Current topics in archaeology, cultural heritage & historic preservation

Friday, September 2, 2011

People & Plants: Study of Ancient Oregon Rock Shelter Topic of September OAS Lecture

Catlow Valley Highway-Photo Courtesy of Dave Anderson (Picasa)
OAS Meeting & Presentation: Tuesday, September 6
The Oregon Archaeological Society will offer its first lecture of the year on Tuesday, September 6, 2011. The title of the lecture is “People and Plants: Paleobotanical Studies at a Late Archaic Rock Shelter in Oregon’s Catlow Valley.” Jaime Dexter, a doctoral student in Archaeology at the University of Oregon, is the featured speaker.

Dexter’s research interests include paleoethnobotany, palynology, plant genetics, and environmental archaeology. She has studied the subsistence strategies of hunter-gatherer populations in the northwestern Great Basin and is specifically interested in utilizing cross-disciplinary approaches to recognize and address prehistoric environmental impacts.

The presentation is at the Oregon Museum of Science and Industry (OMSI) at 7:45 PM, and is free and open to the public. The talk is preceded at 7 PM by a general business meeting, which is also open to the public

See or call 503-727-3507 for more

OAS Field Trip: Huckleberry Processing Fields, Saturday, September 10 - Space Available!
Photo courtesy Fat of the Land
Rick McClure, Forest Archaeologist & Heritage Program Manager for the Gifford Pinchot National Forest at Mt. Adams, Washington and archaeologist Cheryl Mack, will conduct two field trips to huckleberry processing field sites, focusing on the archaeology of the Cascade Crest - late summer upland use oriented toward collection and processing of huckleberries. The trip is expected to last the entire day. 

Meet at 9:00 a. m. at the Mt. Adams Ranger Station. This trip will go into the Indian Heaven Wilderness and is more difficult due to hiking conditions.

Contact Betty Tandberg (360) 695-6021 or to sign up for either of these trips since the number of participants is limited.

Final Resting Place of Clark County Pioneers
By Sue Vorenberg
Columbian Staff Reporter

It wasn’t easy for the dozen or so family members to pack up a wagon train in 1850 and bump, thump and roll their way from Missouri to what would eventually become east Vancouver.

When they staked their claims for free land around the Columbia River and Government Island, the small band probably didn’t consider that one day they’d end up as founding members of a county that would grow to more than 425,000 people...

Read the whole story at: Fishers Cemetery

British Columbia Village May Be 10,000 Years Old
Mark Hume
Globe & Mail
When Farid Rahemtulla and his anthropology students began to dig in the forest floor on Calvert Island, he pretty much knew what to expect – lots of clam and mussel shells.

But shortly after the team from the University of Northern British Columbia started to sink pits into a shell midden (refuse dump) on the Central Coast, he realized it was much bigger than anyone imagined – so large he now believes it is part of a long-lost, ancient village called Luxvbalis...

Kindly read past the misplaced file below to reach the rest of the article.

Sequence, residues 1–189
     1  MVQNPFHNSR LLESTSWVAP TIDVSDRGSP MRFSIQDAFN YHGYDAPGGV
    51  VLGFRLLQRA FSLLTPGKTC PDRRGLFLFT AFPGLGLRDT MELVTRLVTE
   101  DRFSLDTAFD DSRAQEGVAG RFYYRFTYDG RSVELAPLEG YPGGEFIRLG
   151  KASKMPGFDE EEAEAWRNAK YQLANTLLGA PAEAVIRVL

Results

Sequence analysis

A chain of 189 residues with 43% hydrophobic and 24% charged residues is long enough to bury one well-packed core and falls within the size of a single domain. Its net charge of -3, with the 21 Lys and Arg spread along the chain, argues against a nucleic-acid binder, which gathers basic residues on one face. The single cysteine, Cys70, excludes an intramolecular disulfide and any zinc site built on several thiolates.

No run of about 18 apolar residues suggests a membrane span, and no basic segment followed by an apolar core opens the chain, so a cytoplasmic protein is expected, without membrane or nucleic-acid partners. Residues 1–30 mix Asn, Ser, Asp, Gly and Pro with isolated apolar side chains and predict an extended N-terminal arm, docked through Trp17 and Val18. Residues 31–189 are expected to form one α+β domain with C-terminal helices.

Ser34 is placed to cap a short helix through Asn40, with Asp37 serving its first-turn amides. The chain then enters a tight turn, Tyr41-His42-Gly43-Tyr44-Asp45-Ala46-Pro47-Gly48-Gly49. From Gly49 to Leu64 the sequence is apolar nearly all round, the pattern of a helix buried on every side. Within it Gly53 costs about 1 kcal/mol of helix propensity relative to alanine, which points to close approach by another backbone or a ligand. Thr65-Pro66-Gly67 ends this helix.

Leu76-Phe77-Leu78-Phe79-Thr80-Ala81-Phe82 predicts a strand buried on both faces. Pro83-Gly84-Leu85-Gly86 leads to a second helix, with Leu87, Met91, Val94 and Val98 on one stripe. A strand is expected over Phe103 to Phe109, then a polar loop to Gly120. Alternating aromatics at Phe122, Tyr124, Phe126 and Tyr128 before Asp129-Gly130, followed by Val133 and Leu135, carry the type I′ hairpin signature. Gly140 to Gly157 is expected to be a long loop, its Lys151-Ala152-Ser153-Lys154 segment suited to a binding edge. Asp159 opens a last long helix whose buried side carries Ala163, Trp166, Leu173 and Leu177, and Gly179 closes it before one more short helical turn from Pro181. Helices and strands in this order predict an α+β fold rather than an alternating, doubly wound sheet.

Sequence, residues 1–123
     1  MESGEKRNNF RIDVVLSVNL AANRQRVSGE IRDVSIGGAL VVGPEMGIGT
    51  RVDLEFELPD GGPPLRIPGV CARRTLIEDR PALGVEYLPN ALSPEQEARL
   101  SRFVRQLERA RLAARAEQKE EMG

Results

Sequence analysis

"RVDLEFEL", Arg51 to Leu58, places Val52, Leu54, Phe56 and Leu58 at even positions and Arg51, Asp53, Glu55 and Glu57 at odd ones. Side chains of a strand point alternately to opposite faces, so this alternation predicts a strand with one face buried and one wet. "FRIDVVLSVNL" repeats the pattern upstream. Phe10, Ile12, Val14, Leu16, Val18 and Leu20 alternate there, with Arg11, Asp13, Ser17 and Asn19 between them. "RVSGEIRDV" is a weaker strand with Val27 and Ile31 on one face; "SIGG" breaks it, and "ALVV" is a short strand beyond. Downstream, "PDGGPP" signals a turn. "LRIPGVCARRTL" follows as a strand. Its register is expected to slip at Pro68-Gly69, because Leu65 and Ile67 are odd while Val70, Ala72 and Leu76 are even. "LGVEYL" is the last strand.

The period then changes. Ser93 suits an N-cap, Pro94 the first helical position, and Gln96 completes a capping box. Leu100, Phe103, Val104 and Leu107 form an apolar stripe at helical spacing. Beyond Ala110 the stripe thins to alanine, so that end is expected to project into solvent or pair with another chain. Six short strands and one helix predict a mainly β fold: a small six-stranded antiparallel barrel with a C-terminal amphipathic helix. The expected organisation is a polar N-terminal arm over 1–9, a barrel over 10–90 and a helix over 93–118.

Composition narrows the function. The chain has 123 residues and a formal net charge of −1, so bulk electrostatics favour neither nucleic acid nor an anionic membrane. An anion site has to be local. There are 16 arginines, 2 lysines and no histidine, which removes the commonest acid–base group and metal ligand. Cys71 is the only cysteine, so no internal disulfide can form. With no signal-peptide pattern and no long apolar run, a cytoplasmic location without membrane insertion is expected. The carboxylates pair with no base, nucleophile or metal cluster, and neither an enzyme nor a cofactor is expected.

Read the whole story at: Ancient Village

Teen Gets Prison in Red Rock Graffiti Case
By Jeff German
Las Vegas Review-Journal
The desecration last year of prehistoric artwork at the Red Rock Canyon National Conservation Area sparked outrage and focused attention on the spread of graffiti throughout the Las Vegas Valley.

This week, the 17-year-old youth charged with defacing the Red Rock area received his punishment behind closed doors in federal court, ending a case that rallied the community to help remove the spray-painted graffiti...

Read the whole sad story at: Rock Art Graffiti

Ötzi the Iceman Murdered on a Full Stomach
By Brandon Keim
A fresh analysis of Ötzi the Iceman’s stomach suggests a grisly new climax to the world’s most famous prehistory murder mystery: death by ambush, a surprise killing in the afterglow of a big meal.

Ötzi was found in 1991, frozen and fantastically preserved in ice high in the Italian Alps, where he’d perished 5,300 years ago. With his tattoos and cool tools and smart outfit, rendered by artists with soulful brown eyes under a weathered brow, he became a Copper Age celebrity. Public and scientific imagination seized on the circumstances of his life — and, of course, his death...

Otzi fans can read the whole story at: Otzi Dies on Full Stomach

Hand Axes Unearthed in Kenya are Oldest Advanced Stone Tools Ever Found
By Ian Sample
A recent discovery suggests early humans were wielding sophisticated stone tools at least 300,000 years earlier than thought. A rare haul of picks, flakes and hand axes recovered from ancient sediments in Kenya are the oldest remains of advanced stone tools yet discovered.

Archaeologists unearthed the implements while excavating mudstone banks on the shores of Lake Turkana in the remote north-west of the country.

Read the whole story at: Ancient Tools

(Thanks to Robin Harrower, Russel Micnhimer, The Columbian, Wired, the Guardian, The Globe and Mail, and Las Vegas Review-Journal for some of the info in this post.)